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Using objects

Every object that appears on the site has earned its place by being relevant to a particular theme and its associated content. In addition, each topic has its own object which we have singled out because we believe it has special relevance.

So long as you use our search tool on the objects page you should have no trouble finding the objects you need for your lessons. You can search using theme, time, place, people or a combination of these. The search tool also enables you to display the development of a particular object over time by using the specific object search, which will help to place it within a historical context.

Copyright

Images have a Creative Commons Licence, which means that you are free to use them within your classroom and in the preparation of any non-commercial-profit-making educational resources. But you must credit the copyright owner.

Ideas for using objects

You can use objects in your classroom work and lesson activities to illustrate the topics you are teaching and enhance students’ understanding of historical contexts.

You may want to introduce a topic using the accompanying object that appears. These objects have been selected for their importance to the subject matter. Questions to your class about these objects could include:

  • How old do students think the object is?
  • Why has someone collected it and looked after it?
  • Can students see a link between this object and the theme?
  • These images can also be used to run an extended session that will enable students to look at the historical contexts surrounding the objects and their continuity and change through time. Below you will find three lesson ideas that can be adapted to suit a variety of topics: a ‘mystery objects’ session, an activity to place historical artefacts on a timeline and an odd-one-out session.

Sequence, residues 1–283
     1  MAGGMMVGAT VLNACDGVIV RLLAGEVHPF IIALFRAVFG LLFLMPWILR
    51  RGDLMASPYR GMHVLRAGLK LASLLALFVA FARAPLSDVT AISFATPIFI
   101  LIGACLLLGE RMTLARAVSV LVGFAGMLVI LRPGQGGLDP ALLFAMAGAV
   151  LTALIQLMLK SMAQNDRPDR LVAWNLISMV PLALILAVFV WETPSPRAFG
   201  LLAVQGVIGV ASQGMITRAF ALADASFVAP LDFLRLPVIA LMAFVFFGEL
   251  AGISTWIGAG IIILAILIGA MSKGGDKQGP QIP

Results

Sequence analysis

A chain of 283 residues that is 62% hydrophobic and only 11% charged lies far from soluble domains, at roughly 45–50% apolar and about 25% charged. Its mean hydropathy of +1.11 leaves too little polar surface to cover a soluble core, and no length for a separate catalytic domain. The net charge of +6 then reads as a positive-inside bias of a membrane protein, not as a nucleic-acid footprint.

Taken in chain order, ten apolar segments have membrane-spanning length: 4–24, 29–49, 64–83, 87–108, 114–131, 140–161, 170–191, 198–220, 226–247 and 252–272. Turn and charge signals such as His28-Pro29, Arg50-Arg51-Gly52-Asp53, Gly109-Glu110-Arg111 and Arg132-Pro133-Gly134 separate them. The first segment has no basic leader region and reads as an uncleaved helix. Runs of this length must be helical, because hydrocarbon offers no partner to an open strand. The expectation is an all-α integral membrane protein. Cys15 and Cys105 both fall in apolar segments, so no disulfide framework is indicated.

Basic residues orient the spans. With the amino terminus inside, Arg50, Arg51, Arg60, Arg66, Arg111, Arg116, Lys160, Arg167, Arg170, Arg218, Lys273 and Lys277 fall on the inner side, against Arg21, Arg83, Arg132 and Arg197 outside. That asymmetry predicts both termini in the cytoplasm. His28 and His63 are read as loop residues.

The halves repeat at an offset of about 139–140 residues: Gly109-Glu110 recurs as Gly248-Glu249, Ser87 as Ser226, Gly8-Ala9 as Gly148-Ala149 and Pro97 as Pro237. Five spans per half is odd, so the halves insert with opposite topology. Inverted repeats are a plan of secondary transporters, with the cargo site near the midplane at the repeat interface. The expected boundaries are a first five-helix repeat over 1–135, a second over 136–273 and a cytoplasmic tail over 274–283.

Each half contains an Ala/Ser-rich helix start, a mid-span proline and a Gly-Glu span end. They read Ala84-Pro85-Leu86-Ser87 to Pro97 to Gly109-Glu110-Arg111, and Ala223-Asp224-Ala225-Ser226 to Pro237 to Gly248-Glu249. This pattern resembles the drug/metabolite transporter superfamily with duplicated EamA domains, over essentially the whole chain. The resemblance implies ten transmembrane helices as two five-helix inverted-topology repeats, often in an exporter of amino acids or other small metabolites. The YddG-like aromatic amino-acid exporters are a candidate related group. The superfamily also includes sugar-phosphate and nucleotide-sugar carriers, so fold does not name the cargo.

Mystery objects

    This activity has been tried and tested on Science Museum teachers’ courses and events for pupils.

    1. Arrange the students in groups of 4-6.

    2. Show the students a picture of a mystery object from the objects section of the Brought to Life website.

    3. Start off with a whole-class activity - check at the start if anyone knows what the object is, and ask him/her not to tell anyone else!

    4. Talk about open questioning - anything that starts with who, what, where, when, how or why is a good start.

    5. Encourage close observation - do students think that there are moving parts? Encourage them to investigate.

    6. After a few minutes of questioning in the whole class, ask groups for their guesses about what the object is and for their explanation of how they reached this conclusion. Encourage students to build on each others’ ideas.

    7. Now break off into small groups, and give each group one or two pictures of objects - allow about five minutes per object.

    If an object is easily identifiable, you can use the technical help below to download and save images. Zoom in and move across small parts of the object, then gradually zoom out - you could award points for guessing the object at different zoom levels.

    Timeline activity

    (Science Museum, London)









    Select and download a set of images from Brought to Life by searching through the objects section of the website. Ideally choose objects that cover a fairly lengthy period of time. Challenge the class to place these images in chronological order on a timeline.

    Alternatively, the class could split up into groups and create their own timeline activity by selecting their own objects. They could challenge other groups to place their objects correctly on the timeline.

    Another approach might be to create a permanent timeline on your wall, so that whenever a theme or topic is studied, relevant key artefacts and objects can be added to the display.

    Odd one out

    Select and download a set of images from Brought to Life that are relevant to a particular theme your class is studying, plus a few that are not. Challenge the class to work out which are the genuine or relevant images and which are the impostors. Students should be able to work out which images do not belong in the set and offer explanations for their choices.

    Technical help

  • How to download and save images
  • How to print an image
  • How to manipulate an image
  • How to print a webpage